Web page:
In 1858 William H. Prouty returned to the east, where he remained for five years, his attention being devoted to farming interests in Iowa. It was during that time, in the year 1859, that he was united in marriage to Miss Mary Helen Charlesworth, a native of Maryland and a daughter of Solomon Charlesworth, who was born in England. In Iowa their home was blessed by the presence of two children, namely: Madora and Austin Lee. In 1863 Mr. Prouty returned to California, by the water route, crossing the Isthmus of Panama. He took passage on a ship loaded with ammunition and off Cape Hatteras they encountered a severe storm, which necessitated throwing overboard the entire cargo. In the midst of the storm the captain attempted to put the ship about, and when in the trough of the sea two great waves went over her and all on board felt that they were lost; but fortunately they were not engulfed and weathered the storm. The next day, when the sailors said the storm was over, Mr. Prouty was permitted to go on deck, but the great waves were even then running “mountain” high. Thus twice he and his loved ones looked death in the face, once when they were crossing the plains and once upon the water.
In safety, however, he and his family reached San Francisco, in September, 1863. He had lost all that he had made and again he engaged in farming near the old home on a tract of rented land, where he continued for eight years. He then purchased ranch of one hundred and thirty acres in Jackson Valley, which he still owns. He has met with well earned success and has bought and sold several farms. He also has a nice residence in Ione. He is today the business manager of thirteen hundred acres of land and owns a very fine prune orchard, the cultivation and shipment of that fruit forming an important part of his work and bringing to him an excellent return.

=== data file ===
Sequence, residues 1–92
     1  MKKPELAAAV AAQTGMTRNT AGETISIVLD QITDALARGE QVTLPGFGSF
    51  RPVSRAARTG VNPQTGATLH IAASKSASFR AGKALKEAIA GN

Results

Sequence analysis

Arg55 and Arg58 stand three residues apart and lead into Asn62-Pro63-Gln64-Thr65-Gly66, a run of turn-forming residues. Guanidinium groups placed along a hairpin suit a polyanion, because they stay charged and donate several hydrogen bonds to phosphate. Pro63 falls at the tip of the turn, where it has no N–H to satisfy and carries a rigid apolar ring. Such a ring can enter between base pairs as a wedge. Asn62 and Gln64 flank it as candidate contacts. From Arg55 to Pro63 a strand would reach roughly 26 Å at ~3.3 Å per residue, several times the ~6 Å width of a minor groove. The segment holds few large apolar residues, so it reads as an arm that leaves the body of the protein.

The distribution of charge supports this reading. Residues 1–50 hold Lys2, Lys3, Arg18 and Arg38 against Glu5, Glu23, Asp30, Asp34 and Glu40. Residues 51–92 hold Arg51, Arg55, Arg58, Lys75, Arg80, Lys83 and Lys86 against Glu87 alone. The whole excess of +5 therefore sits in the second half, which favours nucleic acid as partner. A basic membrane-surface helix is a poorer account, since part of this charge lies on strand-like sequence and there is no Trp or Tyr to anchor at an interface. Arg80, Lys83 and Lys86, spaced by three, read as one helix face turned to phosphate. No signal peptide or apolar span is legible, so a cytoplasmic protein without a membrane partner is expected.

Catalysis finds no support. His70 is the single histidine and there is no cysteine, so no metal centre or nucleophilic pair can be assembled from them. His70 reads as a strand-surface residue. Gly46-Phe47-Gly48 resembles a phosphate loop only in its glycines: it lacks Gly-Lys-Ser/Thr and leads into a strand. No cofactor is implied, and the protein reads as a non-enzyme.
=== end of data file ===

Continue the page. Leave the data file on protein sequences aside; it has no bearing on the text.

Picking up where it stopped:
In 1881 he was called upon to mourn the loss of his wife, who died leaving him with six children, namely: Madora Adelaide, now the wife of James S. Amick; Austin Lee, married; Jennie died at the age of fourteen years; Byron Grant, married; Alice May, now the wife of E. Marchand; and Arthur Lewis and William Norris, both married. That Mr. Prouty is a liberal-minded man, free from personal prejudice, is indicated by the fact that he named one of his sons Grant and the other Lee, being an admirer of both the great generals, whose superior military ability and skill is widely acknowledged now both in the north and the south. In 1887 he was again married, his second wife being Miss Amanda J. Harbour, a native of Illinois. They have a son and a daughter: Hazel and Chester Harbour. The family is held in the highest regard in the county in which they have so long resided. They attend the services and contribute to the support of both the Methodist and Presbyterian churches. Mr. Prouty is a valued member of the Independent Order of Odd Fellows, with which he has been connected for twenty-six years. He is also a member of the Independent Order of United Workmen and of the Chosen Friends. Several times he has represented the Odd Fellows subordinate lodge in the grand lodge.
In politics he is a stalwart Democrat, and was a delegate to the constitutional convention which framed the present organic law of California. He is a companionable, genial gentleman, having a host of friends. In his home he is an indulgent father, a kind and devoted husband, and his genuine and manly virtues are widely recognized. He never acts except from honest motives; and in all his varied relations, in his business affairs and in social life he has maintained a character and standing that have impressed all with his sincere and manly purpose, to do by others what he would have others do by him.
Transcribed by Gerald Iaquinta.
© 2011 Gerald Iaquinta.